Bearden and his team arrived as planned in a motorcade of large vans stocked with luggage, communications equipment and, of course, goodies to remind one of home, such as American snacks and videos. This time the border crossing was arranged without a hitch since, not long after my arrival, the few remaining Soviet border guards had given up checking for visas, as Lithuanians had increasingly exploited post-coup chaos in Moscow to wrest away Soviet control over even minor governmental functions.
I rushed the team to its new quarters outside Vilnius. Communications were quickly set up, and Bearden penned the first official CIA message to Headquarters, advising of the team’s safe arrival. I briefly outlined the next day’s meetings for Milt and let the team get some sleep before what promised to be a landmark day in CIA history.
Motieka was actually nervous about the meetings with Bearden and wanted to ensure personally that every detail was carefully arranged. I tried to convince him that CIA officers were an informal lot and accustomed to living in far less comfortable conditions than the villa he had graciously arranged. Mustering all the diplomatic tact I could, I told Motieka, “Look, you have plenty to do as a vice president. You really should delegate a lot of this to your subordinates, or let me try to arrange some of the work myself.”
Yet again I failed. Bearden and his delegation, dressed in their best dark suits, left with me the following morning for our first official meeting. With Laurinkus and Butkevicius we hammered out the details of our initial cooperation between services. Our hosts then took us to meet the vice president. Motieka told Bearden that he had gone to the dacha that morning with clean sheets and blankets just to be sure his guests were comfortable. He told us that Bearden's “valet” had been very appreciative and friendly. We looked at each other, puzzled, until one of our delegation said under his breath, “He must mean Bob. We left him behind at the villa.” Bob was SE’s support chief, who had come along to make sure that the logistics and other support required would be in place for the team to function after Bearden and I returned home. Bob had to endure good-natured ribbing from Bearden and others for months as the monicker was spread around Headquarters.
We celebrated our new friendship that night at a banquet I organized for Motieka and the top officials of the intelligence service and defense ministry. The setting was perfect, a private room in the Stikliai Restaurant, which is housed in a restored 17th century building in the heart of the city’s old town. At the time it was considered Vilnius’ finest restaurant. As I watched Bearden and Motieka stand and raise their glasses to toast the future, I could see that the Cold War was, indeed, finally coming to an end.
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We had only one event remaining before Bearden and I left Vilnius. It was to prove the most dramatic and emotional of my stay in Lithuania. Motieka arranged a tour of KGB Headquarters for Bearden. Only this time the visit would include a stop in the jail cells in the building’s dungeon, which I had not seen during my first visit. Our guide in the dungeon was the new chairman of the Parliament’s National Security Committee. A short, balding man, with lines of suffering etched in his face, he appeared to be in his mid-70s. We were surprised to learn that he was almost 20 years younger than that. His premature aging was the result of the 36 years he had spent in Soviet labor camps.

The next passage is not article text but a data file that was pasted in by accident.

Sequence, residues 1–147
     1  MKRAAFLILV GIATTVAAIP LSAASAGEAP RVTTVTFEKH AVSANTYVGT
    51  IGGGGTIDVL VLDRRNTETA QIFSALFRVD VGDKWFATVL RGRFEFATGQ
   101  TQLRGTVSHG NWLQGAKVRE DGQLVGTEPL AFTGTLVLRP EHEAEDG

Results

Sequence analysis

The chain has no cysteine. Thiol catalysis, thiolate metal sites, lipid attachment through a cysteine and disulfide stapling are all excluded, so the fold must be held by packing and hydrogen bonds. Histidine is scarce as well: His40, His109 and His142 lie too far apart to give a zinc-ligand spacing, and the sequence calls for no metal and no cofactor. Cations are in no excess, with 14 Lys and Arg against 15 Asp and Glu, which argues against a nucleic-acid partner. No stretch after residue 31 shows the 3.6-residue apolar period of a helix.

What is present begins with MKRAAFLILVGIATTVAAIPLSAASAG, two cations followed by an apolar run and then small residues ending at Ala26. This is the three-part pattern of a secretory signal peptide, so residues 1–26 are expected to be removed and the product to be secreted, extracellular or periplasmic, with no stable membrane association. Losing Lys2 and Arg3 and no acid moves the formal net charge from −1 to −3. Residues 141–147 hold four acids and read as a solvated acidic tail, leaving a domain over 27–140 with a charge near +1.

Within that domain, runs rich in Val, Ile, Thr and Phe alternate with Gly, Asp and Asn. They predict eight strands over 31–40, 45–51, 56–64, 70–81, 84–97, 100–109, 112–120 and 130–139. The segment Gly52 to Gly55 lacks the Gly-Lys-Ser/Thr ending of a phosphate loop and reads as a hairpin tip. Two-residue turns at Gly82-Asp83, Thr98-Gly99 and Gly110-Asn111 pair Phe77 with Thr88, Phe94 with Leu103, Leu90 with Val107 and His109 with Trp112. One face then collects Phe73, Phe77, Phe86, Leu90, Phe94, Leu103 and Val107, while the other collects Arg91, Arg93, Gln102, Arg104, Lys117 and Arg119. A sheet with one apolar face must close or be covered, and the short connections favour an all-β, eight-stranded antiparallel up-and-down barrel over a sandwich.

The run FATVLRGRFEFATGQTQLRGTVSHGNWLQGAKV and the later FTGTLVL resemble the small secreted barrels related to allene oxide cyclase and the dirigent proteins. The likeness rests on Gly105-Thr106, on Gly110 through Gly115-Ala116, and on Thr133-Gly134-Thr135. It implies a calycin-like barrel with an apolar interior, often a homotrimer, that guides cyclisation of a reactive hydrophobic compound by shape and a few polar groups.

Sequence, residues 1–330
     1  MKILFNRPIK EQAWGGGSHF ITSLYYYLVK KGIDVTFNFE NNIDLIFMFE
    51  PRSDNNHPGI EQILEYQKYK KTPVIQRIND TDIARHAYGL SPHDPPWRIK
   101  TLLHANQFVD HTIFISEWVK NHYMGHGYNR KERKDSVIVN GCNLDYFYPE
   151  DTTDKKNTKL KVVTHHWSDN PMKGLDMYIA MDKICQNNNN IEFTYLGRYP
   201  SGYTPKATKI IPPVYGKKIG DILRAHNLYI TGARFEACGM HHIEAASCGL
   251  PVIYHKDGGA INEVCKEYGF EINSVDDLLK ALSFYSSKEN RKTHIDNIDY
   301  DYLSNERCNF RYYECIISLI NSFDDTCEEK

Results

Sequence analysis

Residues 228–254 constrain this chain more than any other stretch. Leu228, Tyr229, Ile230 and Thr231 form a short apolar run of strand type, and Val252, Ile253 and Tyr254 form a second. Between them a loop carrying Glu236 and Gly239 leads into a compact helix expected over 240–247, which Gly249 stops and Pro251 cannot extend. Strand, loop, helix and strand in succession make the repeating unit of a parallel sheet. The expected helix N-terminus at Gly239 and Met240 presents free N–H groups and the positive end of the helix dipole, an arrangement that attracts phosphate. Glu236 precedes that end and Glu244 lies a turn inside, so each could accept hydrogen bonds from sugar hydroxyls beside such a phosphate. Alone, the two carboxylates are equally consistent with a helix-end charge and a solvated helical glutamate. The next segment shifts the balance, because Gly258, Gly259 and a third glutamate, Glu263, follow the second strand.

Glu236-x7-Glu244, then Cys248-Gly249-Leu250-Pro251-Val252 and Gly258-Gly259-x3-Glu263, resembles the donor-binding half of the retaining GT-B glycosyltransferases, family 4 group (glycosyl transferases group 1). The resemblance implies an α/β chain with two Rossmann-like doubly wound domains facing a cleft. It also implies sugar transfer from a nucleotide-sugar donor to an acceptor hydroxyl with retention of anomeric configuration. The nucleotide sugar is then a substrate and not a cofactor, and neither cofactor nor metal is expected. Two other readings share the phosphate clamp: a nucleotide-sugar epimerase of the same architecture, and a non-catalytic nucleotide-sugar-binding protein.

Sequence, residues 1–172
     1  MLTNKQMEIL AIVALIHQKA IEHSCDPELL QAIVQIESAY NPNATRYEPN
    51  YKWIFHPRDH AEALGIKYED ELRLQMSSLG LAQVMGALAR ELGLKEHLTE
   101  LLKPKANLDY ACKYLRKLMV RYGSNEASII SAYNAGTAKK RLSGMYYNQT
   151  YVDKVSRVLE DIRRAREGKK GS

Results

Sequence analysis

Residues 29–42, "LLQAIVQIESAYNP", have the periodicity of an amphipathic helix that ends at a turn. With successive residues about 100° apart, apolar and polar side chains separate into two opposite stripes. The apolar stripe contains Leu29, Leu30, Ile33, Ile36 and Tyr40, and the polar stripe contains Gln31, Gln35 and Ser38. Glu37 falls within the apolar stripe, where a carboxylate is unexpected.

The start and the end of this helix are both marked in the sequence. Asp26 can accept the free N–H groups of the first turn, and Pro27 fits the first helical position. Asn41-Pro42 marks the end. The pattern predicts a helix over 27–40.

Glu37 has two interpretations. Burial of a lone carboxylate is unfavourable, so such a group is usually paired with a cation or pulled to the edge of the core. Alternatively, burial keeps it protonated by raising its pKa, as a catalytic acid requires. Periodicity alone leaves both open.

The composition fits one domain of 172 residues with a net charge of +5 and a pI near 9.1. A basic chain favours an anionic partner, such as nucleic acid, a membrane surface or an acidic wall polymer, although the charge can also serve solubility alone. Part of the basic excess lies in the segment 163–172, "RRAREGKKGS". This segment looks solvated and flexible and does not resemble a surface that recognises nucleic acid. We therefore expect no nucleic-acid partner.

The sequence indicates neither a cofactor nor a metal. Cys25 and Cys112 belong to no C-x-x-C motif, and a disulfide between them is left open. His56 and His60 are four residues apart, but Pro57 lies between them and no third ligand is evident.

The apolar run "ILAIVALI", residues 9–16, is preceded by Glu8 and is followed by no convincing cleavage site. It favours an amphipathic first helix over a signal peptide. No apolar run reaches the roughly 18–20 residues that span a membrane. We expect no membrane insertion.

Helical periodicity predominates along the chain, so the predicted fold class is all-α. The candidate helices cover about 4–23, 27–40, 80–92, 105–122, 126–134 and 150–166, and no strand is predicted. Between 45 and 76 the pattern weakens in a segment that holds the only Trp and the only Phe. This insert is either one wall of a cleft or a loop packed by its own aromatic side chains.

The tour was a grisly one as our guide showed us cells designed for torture. In one of them, prisoners were forced to stand hours on end on a slight incline built into the wall in order to avoid standing on a floor flooded with water. Tired and helpless prisoners would fall into the water nearly frozen by winter air that had been allowed to blow in from an open window. The empty cells still seemed faintly to echo the screams of tortured prisoners. The chairman showed us a cell in which he had spent six years. He told us that despite this kind of treatment, most dissidents never lost heart and devised methods to communicate with each other and with the outside world. As an example, he showed us tiny scraps of paper he had saved on which he had neatly written messages in script so infinitesimally small that we could barely decipher the letters.
We stopped in front of one cell where, unlike the others, the walls were completely lined with burlap. The chairman explained that some prisoners became so desperate that they gave up hope and attempted suicide by running head first into the concrete walls until they died. Since the KGB didn’t want their victims dying before they were fully interrogated, the jailers padded the walls of some cells to keep prisoners from using this suicidal practice. The padded cells also served the secondary purpose of muffling the screams of tortured and beaten prisoners.
The chairman invited me to step inside the cell. I immediately felt a tightness in my chest, a momentary inability to breathe. I could not imagine the horror of spending a minute in the cell, let alone years. I couldn’t stand it more than a few seconds and quickly retreated into the corridor.
The KGB headquarters is now the Museum of Genocide Victims, a reminder of man’s inhumanity to man. The museum is the only one of its kind in the former Soviet Union. Some guides, like the committee chairman who led us through the dungeons, are former inmates. During the brief moment I spent in the cell, I felt certain that my career in CIA, dedicated to fighting the kind of brutality that took place in there, was not in vain. I was positive then that when I signed on in 1980, I had made the right decision.